Excess Flood Insurance: What Is It? Who Needs It? – ValuePenguin
Excess flood insurance is a type of private flood insurance that extends its limits beyond the coverage limits of the government-sponsored National Flood Insurance Program (NFIP). Homeowners whose homes would cost more to rebuild than the $250,000 NFIP flood insurance limit should consider adding excess flood insurance, especially if they live in a high-risk flood zone.
who needs excess flood insurance?
Flood insurance is generally required for homeowners if their residences are located in special flood hazard areas (SFHAs) and have federally backed mortgages. if this describes you, all lenders will require you to have flood insurance that covers the smallest of these three:
However, if your home has a rebuilding cost (or a mortgage) of more than $250,000, your lender may require you to purchase additional coverage beyond the NFIP maximum. It’s not a legal requirement, so not all lenders will insist that you buy excess flood insurance. You can find a lender that will provide you with a mortgage even if NFIP flood insurance doesn’t fully protect you.
Even if you’re not required to purchase additional flood coverage, it may be worth the extra expense, especially if you live in an area with high risk of flooding. Special Flood Hazard Areas have a 26% chance of flooding over the course of a 30-year mortgage. If your home is completely destroyed and the $250,000 is not enough to cover the cost of repair or reconstruction of your house, you will be aware of the remaining costs. Carefully weigh the risks against the price of coverage before deciding whether to purchase excess flood coverage.
who doesn’t need excess flood insurance?
Most people don’t need additional flood insurance. In particular, you don’t need it if your home’s replacement value is less than $250,000, in which case you can get enough coverage only through NFIP. In addition, we do not recommend additional flood coverage if your residence is not at high risk of flooding, as the policy could be quite expensive.
How are excess flood insurance rates determined?
Excess flood insurance rates are set similarly to regular flood insurance prices. An excess flood insurance company will charge a different amount based on the coverage limits you choose, whether you select coverage up to actual cash value or replacement cost value, and your home’s overall flood risk. flood risk is a complex formula based on several criteria. these include:
Unlike NFIP flood insurance, each excess flood insurance provider sets its own rates. this means that prices will vary from company to company, and you should check with several providers to find the cheapest price for coverage.
what does excess flood insurance cover?
excess flood insurance covers you for the same types of damages and expenses covered by regular nfip flood insurance. This includes repairing or replacing your home’s essential structure and systems if damaged by flooding, whether the flooding is due to a storm, tsunami, hurricane, or other cause.
Excess flood insurance also pays for personal assets in your home, such as clothing, furniture, and electronics. Please note, however, that personal property coverage in NFIP insurance is subject to a separate limit of $100,000. Also, there are often restrictions on items kept in a basement, as they are more likely to be damaged during a flood.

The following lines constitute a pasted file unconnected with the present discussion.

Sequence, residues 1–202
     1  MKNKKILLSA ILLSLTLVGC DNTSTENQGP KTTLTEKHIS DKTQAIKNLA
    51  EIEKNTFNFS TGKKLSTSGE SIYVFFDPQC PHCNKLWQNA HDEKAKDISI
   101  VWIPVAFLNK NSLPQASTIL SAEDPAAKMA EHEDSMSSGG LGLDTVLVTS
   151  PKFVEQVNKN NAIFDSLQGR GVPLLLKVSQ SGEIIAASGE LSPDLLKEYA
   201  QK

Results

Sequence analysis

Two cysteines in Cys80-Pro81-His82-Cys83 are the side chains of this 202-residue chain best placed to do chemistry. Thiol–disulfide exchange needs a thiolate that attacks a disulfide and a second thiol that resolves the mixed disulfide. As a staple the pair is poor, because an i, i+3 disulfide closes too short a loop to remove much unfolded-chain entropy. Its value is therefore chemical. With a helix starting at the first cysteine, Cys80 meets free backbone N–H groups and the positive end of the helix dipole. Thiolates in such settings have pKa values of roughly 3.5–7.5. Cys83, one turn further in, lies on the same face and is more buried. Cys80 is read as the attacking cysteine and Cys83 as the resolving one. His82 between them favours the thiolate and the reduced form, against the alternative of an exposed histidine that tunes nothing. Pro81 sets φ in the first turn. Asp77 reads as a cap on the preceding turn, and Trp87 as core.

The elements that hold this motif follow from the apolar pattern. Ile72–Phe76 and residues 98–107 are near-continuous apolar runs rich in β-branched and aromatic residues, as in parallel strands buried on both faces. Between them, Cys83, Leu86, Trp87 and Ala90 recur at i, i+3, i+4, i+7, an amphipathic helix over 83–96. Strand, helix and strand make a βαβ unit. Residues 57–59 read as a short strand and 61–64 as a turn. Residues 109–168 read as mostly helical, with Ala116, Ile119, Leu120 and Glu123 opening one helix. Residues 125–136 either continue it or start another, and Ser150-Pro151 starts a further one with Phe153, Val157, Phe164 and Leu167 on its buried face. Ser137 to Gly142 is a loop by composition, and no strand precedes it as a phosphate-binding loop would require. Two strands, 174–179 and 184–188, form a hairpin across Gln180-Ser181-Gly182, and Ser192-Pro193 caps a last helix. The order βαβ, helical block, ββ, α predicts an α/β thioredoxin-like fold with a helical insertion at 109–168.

Some excess flood insurance providers may also go beyond what the nfip covers. This could include reimbursement for lost income, additional living expense (ale) coverage, and even flood prevention costs such as sandbags. however, the availability of these coverages varies by insurance provider, so check with multiple insurers if there is a specific coverage you need.
excess flood insurance coverage limits
There is no legal maximum coverage limit for excess flood insurance. As such, the maximum amount of coverage that a given excess flood insurance provider can offer is up to each company to decide. maximum coverage limits can be in the millions of dollars. For example, Chubb offers up to $15 million of combined coverage for your home and its contents.
an alternative option: completely private flood coverage
For homeowners who want or need coverage above the $250,000 NFIP limit, an alternative to purchasing NFIP coverage and supplementing it with an excess flood policy is a fully private flood insurance policy. a fully private policy and a combined nfip/excess coverage policy have many of the same benefits, but there are a few differences to consider.
You may also find that a single flood policy from a private insurer has lower rates than separate private and public policies. another advantage is the reduced complexity of having to administer a single policy: there is only one bill and one claim to make.
on the other hand, purchasing additional flood coverage and nfip coverage instead of a single private policy allows you to reap the benefits of both a private and government-backed flood insurance policy. For example, the $250,000 allocation you have through the NFIP cannot be canceled or not renewed due to high risk. In addition, the government sets the NFIP rates through a formula. By choosing a public/private mix, you’re also guaranteed to meet your lender’s flood insurance requirements.
Most importantly, both options will allow you to cover the full value of your home, often up to millions of dollars. We recommend that homeowners considering additional flood coverage collect quotes from multiple insurers, both for an additional and wholly private policy, and consider which option best aligns with their needs.